An educational institution cannot discriminate against a person on the ground of the person's disability or a disability of any of the person's associates:
"by refusing or failing to accept the person's application for admission as a student; or in the terms or conditions on which it is prepared to admit the person as a student."
It is also unlawful to discriminate against a student on the ground of the student's disability or a disability of any of the student's associates:
- "by denying the student access, or limiting the student's access, to any benefit provided by the educational authority; or
- by expelling the student; or
- by subjecting the student to any other detriment.(3)"
The Disability Discrimination Act is applicable to all students with a disability, including international students, part time students and full time students.
It includes all processes related to undertaking study including:
- applying for admission to a course or institution
- enrolling in a course
- while studying
- examinations and assessments
- participation in student activities
What are 'reasonable adjustments' or 'education related adjustments' in education?
The Act requires educational institutions to put in place actions to help ensure equal opportunity for people with a disability, commonly referred to as "reasonable adjustments" or "education related adjustments".
The legislation does not specify the types of adjustments required to remove discrimination. Each case needs to be considered in its own circumstances and previous case law.
Some examples of education related adjustments in the educational environment include:
- changes to the physical environment, such as modified physical spaces or provision of equipment
- modifying communication systems or information provision
- providing course materials in alternative formats
- provision of interpreters, readers etc
- alternative assessments and/or examinations
- provision of a private room for undertaking exams
What are the academic requirements of a course
The academic requirements of a course are determined by identifying academic achievement reasonably required in the course, including skills and abilities required and whether the academic requirements can be met in another way by making education related adjustments.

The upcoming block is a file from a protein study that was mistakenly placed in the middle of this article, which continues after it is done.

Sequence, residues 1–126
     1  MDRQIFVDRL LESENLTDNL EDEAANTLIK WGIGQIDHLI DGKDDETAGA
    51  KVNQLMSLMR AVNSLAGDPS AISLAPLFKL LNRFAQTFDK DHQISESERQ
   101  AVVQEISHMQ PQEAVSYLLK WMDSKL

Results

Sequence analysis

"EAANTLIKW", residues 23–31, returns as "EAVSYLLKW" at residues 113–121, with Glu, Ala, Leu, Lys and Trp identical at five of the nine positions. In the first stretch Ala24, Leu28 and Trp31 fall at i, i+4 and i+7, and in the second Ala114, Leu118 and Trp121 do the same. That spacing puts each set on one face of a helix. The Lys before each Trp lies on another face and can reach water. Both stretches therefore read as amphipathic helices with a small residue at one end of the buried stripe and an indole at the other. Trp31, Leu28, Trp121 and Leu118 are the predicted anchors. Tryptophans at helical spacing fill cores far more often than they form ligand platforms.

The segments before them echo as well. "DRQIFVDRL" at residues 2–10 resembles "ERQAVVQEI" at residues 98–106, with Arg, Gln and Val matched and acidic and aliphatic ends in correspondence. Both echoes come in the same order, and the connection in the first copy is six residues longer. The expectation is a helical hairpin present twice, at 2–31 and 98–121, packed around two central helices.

"Joshua is doing his primary teaching course, but because of his disability he is unable to write in freehand on the board. However, through negotiation he has been able to use an overhead projector and other assistive technology to overcome this issue."
The academic requirement of the course is not to write in freehand, but to have the material available to the students in an accessible manner. This is achieved with the overhead projector and other technologies.
Further information may be obtained by referring to the Disability Standards for Education website.
What is 'unjustifiable hardship'?
For the purposes of this Act, in determining what constitutes unjustifiable hardship, all relevant circumstances of the particular case are to be taken into account including:
(a) the nature of the benefit or detriment likely to accrue or be suffered by any persons concerned; and (b) the effect of the disability of a person concerned; and (c) the financial circumstances and the estimated amount of expenditure required to be made by the person claiming unjustifiable hardship; and (d) in the case of the provision of services, or the making available of facilities-an action plan given to the Commission under section 64 (8).
An employer is responsible for thoroughly assessing the applicant's request for work related adjustments before claiming 'unjustifiable hardship'. This includes assessing:
- direct costs
- any offsetting tax, subsidy or other financial benefits available in relation to the adjustment or in relation to the employment of the person concerned
- indirect costs and/or benefits, including in relation to productivity of the position concerned, other employees and the enterprise
- any increase or decrease in sales, revenue or effectiveness of customer service
- how far an adjustment represents any additional cost above the cost of equipment or facilities which are or would be provided to an employee similarly situated who does not have a disability
- how far an adjustment is required in any case by other applicable laws, standards or agreements
- relevant skills, abilities, training and experience of a person seeking the adjustment(9) .
Disability Action Plans
A Disability Action Plan is a strategy that is developed by an organisation to identify issues and develop strategies to eliminate discriminatory practices against people with disabilities.